NHS wards that are understaffed should be shut says lawyer
Robert Francis QC, who uncovered the Mid Staffordshire care scandal, is calling for minimum safe staffing levels at hospitals.
Mr Francis believes that wards and units of hospitals which have too few nurses and doctors able to look after patients safely should be shut down.
Mr Francis had an interview with the Guardian and explained that wards should be shut until hospital bosses are certain that they have enough experienced staff, and in the meantime patients should be sent elsewhere.
“If you haven’t got the right number of people to fly an aircraft properly, you don’t fly the aircraft. You should not be operating if you haven’t got enough surgeons on duty who are fit to operate [and] you should not be running a ward if you haven’t got enough staff on duty to feed people”, said Francis.
“What we need is much more honesty than we have at the moment, I suspect, about when we can’t provide the service. And if we can’t provide the service safely then actually that place would not provide it.”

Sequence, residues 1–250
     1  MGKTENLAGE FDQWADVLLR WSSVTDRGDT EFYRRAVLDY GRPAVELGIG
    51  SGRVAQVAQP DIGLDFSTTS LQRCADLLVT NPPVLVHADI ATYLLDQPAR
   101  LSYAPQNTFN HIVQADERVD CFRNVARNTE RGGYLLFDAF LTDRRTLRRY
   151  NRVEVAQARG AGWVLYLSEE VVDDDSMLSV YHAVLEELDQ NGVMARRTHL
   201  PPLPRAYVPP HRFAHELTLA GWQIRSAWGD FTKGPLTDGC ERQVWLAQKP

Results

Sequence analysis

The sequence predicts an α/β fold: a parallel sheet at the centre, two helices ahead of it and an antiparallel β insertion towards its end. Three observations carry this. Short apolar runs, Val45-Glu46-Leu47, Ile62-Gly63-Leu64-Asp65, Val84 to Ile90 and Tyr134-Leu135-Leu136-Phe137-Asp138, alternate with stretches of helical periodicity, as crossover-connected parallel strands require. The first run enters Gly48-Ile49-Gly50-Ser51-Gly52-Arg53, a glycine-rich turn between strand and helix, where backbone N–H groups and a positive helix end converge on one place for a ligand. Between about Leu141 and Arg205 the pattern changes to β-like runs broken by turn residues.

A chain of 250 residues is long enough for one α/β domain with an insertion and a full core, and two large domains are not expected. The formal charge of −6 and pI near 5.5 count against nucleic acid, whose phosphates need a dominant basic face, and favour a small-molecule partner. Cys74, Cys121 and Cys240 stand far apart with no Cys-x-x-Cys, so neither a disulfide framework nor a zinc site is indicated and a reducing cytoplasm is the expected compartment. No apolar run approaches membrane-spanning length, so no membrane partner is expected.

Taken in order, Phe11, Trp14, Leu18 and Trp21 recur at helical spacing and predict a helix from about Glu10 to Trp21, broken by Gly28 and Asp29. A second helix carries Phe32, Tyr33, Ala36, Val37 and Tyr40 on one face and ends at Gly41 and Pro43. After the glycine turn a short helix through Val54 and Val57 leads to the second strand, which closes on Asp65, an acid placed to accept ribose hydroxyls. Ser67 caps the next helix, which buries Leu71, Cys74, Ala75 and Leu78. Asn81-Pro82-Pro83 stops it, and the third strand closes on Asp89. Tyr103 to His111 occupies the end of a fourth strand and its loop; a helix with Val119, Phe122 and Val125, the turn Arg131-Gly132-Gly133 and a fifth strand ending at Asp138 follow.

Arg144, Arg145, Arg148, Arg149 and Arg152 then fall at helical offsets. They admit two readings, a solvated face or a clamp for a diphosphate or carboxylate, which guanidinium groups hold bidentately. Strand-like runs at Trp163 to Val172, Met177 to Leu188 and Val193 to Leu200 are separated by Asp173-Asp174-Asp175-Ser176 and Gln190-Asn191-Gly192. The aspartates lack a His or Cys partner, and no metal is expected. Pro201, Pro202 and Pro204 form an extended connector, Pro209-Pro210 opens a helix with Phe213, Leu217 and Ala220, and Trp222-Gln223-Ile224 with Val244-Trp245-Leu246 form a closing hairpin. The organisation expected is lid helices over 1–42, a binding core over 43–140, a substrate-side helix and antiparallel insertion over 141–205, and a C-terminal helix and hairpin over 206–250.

Mr Francis was behind the 30 month public inquiry into poor care at Stafford hospital which has prompted a huge drive to transform quality of care, patient safety and openness within NHS.
He has warned that patient safety would be undermined unless all NHS staff were put under his proposed “duty of candour” to admit when they either commit or witness mistakes.
The QC also said that he believes the NHS should introduce minimum safe staffing levels, which is an idea that so far has been rejected by the health secretary Jeremy Hunt however it has been backed by the Royal College of Nursing, the Patients Association and Labour.
Peter Walsh, the chief executive of the patient safety charity Action against Medical Accidents, backed Francis’s calls.
“Closing unsafe wards had to be the ultimate sanction. You can’t run wards or other medical facilities that are unsafe because they have too few staff to do the job. That is common sense,” he said.
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